Early start. This is worth keeping an eye on considering that the Irish have given up the first points in five of their last six games. They are also adjusting to the high altitude of Colorado and are coming off their first home win over their archrival USC in 12 years. They also were off from classes this week because of the school's fall break. Air Force, meanwhile, has lost six in a row and has not taken the field in a whopping 16 days after losing to San Diego State on Oct. 10.

Discipline, especially on the edges. It is worth repeating, especially with Navy on the schedule next week: The Irish must stay disciplined on defense, and especially on the edges. Most of the upperclassmen on defense have had more than their fair share of games against option offenses so far, but this is a new kind of test for freshman Dog linebacker Jaylon Smith, and the kind of test that Danny Spond would thrive in. This was supposed to be a homecoming of sorts for Spond, a Littleton, Colo., native who was forced to retire during camp because of hemiplegic migraines. His impact has not been lost, however, as he has been in Smith's ear as a coach every step of the way, something that should pay dividends in a game like this one against Air Force.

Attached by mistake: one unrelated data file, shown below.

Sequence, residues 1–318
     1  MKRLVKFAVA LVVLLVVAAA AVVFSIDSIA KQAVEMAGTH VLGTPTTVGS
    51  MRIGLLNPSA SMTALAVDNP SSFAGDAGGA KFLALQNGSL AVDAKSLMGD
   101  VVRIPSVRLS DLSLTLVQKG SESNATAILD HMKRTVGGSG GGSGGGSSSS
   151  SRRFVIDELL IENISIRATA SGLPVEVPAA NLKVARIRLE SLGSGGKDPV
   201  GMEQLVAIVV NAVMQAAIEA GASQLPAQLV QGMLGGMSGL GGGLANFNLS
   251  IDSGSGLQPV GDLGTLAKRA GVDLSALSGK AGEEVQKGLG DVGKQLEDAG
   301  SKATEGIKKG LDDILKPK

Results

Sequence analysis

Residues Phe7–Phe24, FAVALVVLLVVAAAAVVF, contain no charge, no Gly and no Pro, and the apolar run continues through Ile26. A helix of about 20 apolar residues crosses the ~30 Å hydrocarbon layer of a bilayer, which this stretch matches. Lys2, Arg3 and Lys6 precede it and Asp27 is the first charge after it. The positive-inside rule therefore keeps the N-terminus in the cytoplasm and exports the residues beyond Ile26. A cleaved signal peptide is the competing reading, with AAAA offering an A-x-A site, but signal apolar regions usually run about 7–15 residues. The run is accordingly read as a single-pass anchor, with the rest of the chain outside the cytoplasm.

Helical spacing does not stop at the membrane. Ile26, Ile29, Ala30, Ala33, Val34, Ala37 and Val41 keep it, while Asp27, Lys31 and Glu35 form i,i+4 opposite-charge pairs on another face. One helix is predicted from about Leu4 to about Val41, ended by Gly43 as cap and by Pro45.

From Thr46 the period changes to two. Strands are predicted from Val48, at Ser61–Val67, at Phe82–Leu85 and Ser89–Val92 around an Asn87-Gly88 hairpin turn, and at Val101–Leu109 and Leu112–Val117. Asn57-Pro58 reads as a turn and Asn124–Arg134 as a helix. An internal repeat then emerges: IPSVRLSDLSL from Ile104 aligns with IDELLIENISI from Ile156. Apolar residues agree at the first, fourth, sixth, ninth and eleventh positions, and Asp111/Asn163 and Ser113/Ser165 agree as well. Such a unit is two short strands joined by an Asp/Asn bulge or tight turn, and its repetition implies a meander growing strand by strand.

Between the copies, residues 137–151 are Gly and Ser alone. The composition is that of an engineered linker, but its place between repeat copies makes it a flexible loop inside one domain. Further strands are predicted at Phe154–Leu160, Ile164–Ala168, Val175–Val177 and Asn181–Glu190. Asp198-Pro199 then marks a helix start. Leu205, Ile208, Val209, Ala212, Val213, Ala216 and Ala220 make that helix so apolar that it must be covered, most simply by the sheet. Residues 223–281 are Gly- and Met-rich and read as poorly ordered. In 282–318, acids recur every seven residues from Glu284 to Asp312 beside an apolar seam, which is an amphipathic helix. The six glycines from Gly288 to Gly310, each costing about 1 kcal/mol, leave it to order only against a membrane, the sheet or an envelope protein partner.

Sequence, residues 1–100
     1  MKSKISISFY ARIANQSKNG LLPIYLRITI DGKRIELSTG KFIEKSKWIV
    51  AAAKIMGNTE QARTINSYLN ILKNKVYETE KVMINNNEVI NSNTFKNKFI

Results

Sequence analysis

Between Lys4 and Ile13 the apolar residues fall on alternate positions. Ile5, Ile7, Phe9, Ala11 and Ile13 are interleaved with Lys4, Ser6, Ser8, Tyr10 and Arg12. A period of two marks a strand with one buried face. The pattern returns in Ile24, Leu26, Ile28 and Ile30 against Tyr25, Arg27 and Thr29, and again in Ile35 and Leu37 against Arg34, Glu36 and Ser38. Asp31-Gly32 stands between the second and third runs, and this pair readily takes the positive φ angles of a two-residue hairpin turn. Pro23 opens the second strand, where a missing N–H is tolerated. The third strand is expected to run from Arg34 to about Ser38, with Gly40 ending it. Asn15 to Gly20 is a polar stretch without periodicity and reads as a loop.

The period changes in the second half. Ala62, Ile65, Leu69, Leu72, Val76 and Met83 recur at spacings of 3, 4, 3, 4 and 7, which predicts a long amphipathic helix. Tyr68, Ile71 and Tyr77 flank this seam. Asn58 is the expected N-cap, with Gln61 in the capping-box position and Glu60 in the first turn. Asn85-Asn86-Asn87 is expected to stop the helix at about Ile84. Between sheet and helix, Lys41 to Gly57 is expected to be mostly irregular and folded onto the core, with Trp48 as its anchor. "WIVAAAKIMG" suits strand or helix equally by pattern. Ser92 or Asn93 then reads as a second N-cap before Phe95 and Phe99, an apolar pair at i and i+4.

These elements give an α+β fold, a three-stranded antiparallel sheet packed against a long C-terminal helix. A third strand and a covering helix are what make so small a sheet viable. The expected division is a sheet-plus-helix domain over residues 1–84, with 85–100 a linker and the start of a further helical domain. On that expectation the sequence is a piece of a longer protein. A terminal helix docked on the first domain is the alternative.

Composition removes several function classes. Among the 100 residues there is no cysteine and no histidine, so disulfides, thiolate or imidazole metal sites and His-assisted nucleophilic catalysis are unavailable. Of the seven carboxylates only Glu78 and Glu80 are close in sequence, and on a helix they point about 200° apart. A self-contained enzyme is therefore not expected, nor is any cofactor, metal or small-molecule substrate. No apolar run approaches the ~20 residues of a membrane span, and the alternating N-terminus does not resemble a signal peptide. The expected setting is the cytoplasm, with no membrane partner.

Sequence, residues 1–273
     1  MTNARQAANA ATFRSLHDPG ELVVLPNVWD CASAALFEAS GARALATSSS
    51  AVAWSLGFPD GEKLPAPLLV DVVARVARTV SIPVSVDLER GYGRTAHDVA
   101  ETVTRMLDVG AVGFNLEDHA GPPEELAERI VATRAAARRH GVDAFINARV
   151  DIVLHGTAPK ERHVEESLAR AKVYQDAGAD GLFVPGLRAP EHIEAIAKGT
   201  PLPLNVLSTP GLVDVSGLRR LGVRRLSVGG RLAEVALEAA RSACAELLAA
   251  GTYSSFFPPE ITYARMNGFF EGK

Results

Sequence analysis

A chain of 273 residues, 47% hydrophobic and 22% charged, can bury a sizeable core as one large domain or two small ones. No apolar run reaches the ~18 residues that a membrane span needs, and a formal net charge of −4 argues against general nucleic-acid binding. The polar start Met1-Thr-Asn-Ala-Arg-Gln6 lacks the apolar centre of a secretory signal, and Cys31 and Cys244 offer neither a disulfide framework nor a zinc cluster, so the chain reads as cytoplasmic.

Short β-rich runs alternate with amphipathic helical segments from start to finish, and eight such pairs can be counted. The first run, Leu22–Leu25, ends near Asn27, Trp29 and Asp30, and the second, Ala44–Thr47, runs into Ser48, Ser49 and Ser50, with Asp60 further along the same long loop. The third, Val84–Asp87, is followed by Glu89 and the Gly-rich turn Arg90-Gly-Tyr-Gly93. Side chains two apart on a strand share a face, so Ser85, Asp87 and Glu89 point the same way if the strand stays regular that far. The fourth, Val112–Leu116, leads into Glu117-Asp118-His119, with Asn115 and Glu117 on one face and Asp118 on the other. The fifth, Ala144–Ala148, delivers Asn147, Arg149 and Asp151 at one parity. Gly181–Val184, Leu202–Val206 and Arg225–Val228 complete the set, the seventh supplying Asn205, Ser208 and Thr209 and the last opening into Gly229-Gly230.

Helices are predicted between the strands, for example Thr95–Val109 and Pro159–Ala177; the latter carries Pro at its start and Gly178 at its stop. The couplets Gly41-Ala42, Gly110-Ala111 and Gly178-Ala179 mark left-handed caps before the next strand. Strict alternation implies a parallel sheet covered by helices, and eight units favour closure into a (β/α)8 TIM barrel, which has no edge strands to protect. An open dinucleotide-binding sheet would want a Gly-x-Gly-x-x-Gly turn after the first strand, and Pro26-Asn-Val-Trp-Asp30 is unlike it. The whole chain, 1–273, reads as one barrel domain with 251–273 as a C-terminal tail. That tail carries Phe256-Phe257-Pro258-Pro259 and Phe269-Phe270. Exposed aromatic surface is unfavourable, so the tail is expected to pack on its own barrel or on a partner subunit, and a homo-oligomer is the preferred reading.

SOUTH BEND, Ind. -- Don Spond has often recited that familiar parental saying, the one about only being as happy as your least happy child. The idiom hit home a couple of weeks ago. Don had just written a note to his son, Danny, telling him how proud he was of the way he was handling his senior year at Notre Dame, and how his parents would never quit on him. Upon reading the letter, Danny called his dad and, in a bit of a role reversal, the son comforted the father.

"He said, 'Well Dad, you know when you tell me that when your kids are good, you're good? It works the other way, too,'" an emotional Don told ESPN.com.